Description Painting by Stone Riley. The following text is printed on the poster:
There are many tales, of course, of Lao Tzu who, according to the legends, wrote The Watercourse Way, a little book of nature poetry upon which other thinkers then built up the lean, beautiful and tough spiritual philosophy of Taoism. Heres one of them.
The story flies us to the early morning of a day when our hero was a bright but sorrowful young man. He was a bureaucratic junior clerk in the palace of a rich and brutal warlord prince. The sparkling morning and the budding springtime garden grounds through which he trod to work belied the torment in the young mans soul. This days duty was to be an awful deed which no one with an open heart could ever wish.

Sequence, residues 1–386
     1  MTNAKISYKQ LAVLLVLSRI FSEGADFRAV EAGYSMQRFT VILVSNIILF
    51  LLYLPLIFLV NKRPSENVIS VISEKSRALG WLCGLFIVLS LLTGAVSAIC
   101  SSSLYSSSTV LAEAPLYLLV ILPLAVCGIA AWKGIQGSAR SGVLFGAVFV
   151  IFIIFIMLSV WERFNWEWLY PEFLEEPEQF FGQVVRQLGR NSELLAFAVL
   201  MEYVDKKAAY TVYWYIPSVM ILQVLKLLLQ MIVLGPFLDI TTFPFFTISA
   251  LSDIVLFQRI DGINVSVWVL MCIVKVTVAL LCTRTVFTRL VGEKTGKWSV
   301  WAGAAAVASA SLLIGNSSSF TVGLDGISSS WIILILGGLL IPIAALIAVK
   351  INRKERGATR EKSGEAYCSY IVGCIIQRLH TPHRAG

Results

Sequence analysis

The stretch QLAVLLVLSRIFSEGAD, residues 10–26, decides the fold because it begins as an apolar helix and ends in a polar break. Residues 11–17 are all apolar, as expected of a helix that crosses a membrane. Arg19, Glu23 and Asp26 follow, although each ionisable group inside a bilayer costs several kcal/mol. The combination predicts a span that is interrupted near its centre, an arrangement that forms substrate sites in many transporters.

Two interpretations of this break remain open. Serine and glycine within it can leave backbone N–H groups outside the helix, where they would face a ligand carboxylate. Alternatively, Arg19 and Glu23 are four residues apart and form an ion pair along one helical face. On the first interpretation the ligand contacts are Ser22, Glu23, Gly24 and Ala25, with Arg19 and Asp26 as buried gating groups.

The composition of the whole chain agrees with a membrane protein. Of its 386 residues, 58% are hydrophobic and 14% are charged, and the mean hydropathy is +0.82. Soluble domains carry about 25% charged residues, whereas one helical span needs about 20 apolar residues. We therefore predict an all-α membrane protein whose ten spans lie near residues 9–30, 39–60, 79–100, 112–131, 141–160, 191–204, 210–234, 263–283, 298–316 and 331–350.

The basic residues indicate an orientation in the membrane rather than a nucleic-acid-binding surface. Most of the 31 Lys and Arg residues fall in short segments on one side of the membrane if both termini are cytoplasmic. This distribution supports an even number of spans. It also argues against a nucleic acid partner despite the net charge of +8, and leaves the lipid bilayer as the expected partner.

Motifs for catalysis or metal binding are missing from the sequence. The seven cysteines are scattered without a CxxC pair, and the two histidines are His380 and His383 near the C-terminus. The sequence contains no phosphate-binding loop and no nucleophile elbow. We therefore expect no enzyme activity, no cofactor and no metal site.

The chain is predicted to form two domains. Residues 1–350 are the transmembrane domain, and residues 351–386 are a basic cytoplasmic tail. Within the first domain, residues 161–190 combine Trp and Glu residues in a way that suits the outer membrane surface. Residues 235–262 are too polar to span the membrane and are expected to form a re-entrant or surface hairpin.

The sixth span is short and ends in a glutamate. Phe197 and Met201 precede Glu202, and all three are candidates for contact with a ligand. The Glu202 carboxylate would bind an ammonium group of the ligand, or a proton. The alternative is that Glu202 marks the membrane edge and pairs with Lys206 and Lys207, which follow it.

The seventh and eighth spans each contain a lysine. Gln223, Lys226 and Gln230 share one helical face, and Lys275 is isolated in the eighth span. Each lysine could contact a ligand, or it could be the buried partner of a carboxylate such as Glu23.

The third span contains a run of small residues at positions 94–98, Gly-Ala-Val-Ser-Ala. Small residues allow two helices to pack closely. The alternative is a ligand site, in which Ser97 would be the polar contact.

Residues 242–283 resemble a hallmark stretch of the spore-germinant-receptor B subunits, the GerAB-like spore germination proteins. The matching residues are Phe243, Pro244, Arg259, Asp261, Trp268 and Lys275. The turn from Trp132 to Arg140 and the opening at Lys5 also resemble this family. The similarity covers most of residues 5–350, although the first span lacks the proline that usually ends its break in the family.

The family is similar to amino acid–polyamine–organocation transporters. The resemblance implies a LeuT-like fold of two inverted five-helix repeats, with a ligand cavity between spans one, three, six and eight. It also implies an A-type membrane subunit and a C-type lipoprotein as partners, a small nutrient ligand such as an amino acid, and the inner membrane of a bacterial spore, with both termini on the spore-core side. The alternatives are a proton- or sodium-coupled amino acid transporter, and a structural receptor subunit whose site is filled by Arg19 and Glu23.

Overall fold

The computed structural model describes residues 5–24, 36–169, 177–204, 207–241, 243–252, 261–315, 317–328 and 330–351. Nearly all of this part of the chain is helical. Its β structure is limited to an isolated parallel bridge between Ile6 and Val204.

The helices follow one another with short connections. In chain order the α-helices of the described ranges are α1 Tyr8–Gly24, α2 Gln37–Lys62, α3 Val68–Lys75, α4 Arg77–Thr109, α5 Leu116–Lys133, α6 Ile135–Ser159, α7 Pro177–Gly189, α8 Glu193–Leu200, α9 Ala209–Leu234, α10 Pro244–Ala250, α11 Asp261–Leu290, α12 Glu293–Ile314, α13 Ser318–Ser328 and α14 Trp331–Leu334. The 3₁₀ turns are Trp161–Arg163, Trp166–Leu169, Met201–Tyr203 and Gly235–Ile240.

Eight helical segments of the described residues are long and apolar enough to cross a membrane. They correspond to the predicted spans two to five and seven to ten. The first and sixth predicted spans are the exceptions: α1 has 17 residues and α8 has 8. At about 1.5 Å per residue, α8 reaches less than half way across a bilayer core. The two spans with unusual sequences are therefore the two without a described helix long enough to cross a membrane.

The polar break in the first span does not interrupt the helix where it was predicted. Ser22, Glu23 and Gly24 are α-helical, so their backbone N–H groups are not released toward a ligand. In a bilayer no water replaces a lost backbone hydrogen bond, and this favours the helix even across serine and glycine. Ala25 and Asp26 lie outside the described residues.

The garden path led on across a footbridge on a lovely brook and, setting foot onto the rising boards, his paces further slacked. His gaze was beckoned to the sparkling water. On the archs highest little height the now unconscious footsteps stopped and -- mind, heart and soul -- he found himself drawn out into the clear deep rippling stream.
This was the moment when a human asks of 'there' and 'here'. As another poet wrote, do I dream the butterfly or does the butterfly dream me? Gazing deep into the world I see only countless things which mirror me, so what are 'you' and 'I' and what am 'I' to do?
But in this young mans mind no riddle of that sort found any weight. The doubtless fundamental knowledge that this clarity exists would henceforth lure and guide his thoughts and steps. The beauty of reality had ravished Lao Tzu and he was struck with lifelong love.